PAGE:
Recently, geophysical method especially the geoelectrical resistivity technique is frequently been used as an advanced soil testing and characterization tool with proven spatial resolutions at different scales [8-10] and hence being often used to answer many unresolved geological, geotechnical and structural problems [11-13]. Electrical resistivity is an important parameter as it can be used as a proxy for the spatial variability of other soil physical properties pertinent in geo-engineering such as soil particle structures [14], water contents, or fluid compositions and thus being considered as a popular alternative method in geotechnical soil investigation [15]. The geoelectrical resistivity method is non-invasive, non-destructive, relatively rapid and cost-effective. In spite of the utility of the geoelectrical method, it’s results cannot be directly translated to geotechnical knowledge due to the absence of site-specific suitable transforms. Thus, it is imperative that suitable transforms be developed to predict geotechnical parameters via geoelectrical data. Most recent studies e.g [16-19] show qualitative correlations between geo-electrical and results of geotechnical data that are intended for a particular site. Endres [20] initiated a preliminary attempt to correlate between soil resistivity and dielectric permittivity with mechanical properties obtained from cone penetration test (CPT) data. Gautam [21] attempted to predict SPT profile using correlation of geoelectric and point geotechnical data (SPT). Braga [22] determined the relationship between blow counts N derived from standard penetration test (SPT), chargeability and resistivity and reported no relationship between blow counts and Chargeability. Braga [22] however reported a poor correlation between resistivity and blow count. Deniel and Gemail [23,24] attempted to determine soil engineering properties from electrical resistivity. Cosenza [19] have carried out correlation of geotechnical parameters derived from dynamic cone penetration and in situ vane test and electrical data. This study did not report any clear correlation between cone resistance and resistivity.
The Cone Penetrometer Test (CPT) sounding is an in-situ testing method used to determine the geotechnical soil engineering parameters and in the delineation of soil geo-stratigraphy. In this the method, the Penetrometer cone is gently pushed into the ground while the resistance of the soil to penetration of the cone is continuously recorded with respect to depth. Parameters measured while sounding include the tip resistance (qc), sleeve friction (fs), and pore water pressure (u). Using appropriate formulae, these measurements can be converted to engineering parameters. Presently, no worthwhile efforts to predict geotechnical parameters via geoelectric data has been reported. This study investigates empirically the relationship between apparent electrical resistivity estimated from the vertical electrical sounding data and soil strength parameters estimated from cone penetration test sounding measured at the same point in an attempt to develop site specific transform to predict soil strength parameters using geoelectric data. This prediction method is based on site specific validated regression equations describing actual correlations of geoelectrical and geotechnical data.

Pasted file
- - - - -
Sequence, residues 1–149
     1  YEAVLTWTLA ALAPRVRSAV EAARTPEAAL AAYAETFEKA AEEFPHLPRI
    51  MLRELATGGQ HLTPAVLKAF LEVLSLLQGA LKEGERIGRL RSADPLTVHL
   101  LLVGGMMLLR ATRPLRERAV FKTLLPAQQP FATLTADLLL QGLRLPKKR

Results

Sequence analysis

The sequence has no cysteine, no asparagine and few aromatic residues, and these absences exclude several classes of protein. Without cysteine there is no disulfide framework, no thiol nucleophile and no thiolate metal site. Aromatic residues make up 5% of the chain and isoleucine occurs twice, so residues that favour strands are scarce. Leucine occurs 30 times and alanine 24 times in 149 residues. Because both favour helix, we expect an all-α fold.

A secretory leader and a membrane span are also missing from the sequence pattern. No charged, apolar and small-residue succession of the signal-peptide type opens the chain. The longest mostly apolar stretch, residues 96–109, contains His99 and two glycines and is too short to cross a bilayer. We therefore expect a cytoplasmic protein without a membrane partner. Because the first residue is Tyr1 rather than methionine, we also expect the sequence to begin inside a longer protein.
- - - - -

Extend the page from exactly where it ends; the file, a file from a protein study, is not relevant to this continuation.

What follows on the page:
Yenagoa is the capital city of Bayelsa State. It is located within the Niger Delta Basin in the Southern part of Nigeria. The study area is within Yenagoa and environs, an area of about 50km^{2}. The co-ordinates of Yenagoa are longitudes 006° 10´ 3.07ʹʹ and 00 6° 25´ 10.53ʹʹ East of the prime meridian and latitudes 04° 51´ 39.73ʹʹ and 05° .2´ 25.53ʹʹ North of the equator. Yenagoa is situated within the coastal area of the Niger Delta sedimentary basin (Figure 1). There are no pronounced undulations on the surface and but gently slopes is towards the sea [25]. Its mean elevation is about 8m above mean sea level [26]. The area has a tropical rain forest climate characterized by rainy season and dry season. April to October constitute the rainy season with a very brief dry period in August, while November to March is the period for the dry season. The average annual rainfall is about 4,500mm [27] and much of the rain falls during the rainy season. Temperature variation is between 25 and 32 °C. The people are mainly into subsistence fishing and farming.
Figure 1: Map of the Niger Delta showing the study area.
Akpokodje [27] reported that Yenagoa is within the freshwater and meander belt geomorphic unit of the Niger Delta basin. The Niger Delta basin is basically an alluvial plain consisting of different types of Quaternary deposits lying on top thick Tertiary sandy and clayey deltaic deposits. The Quaternary deposits of the near surface are made up of floodplain deposits such as clay, silt, slity-clayey sand. The stratigraphy of the shallow sediments shows a fining up sequence of sand overlain by either silt or clay which indicate a fluvial environment of deposition [28]. Most small and medium civil engineering structures are constructed on the Quaternary deposits which vary greatly both in type and depth. The nature and properties of the sediments are dependent on the types of depositional environment under which they were formed. For instance, large sand to silt deposits are concentrated within point bar depositional environments, while swamp deposits typically consist of widespread sequences of clay to silt overbank sediments [29].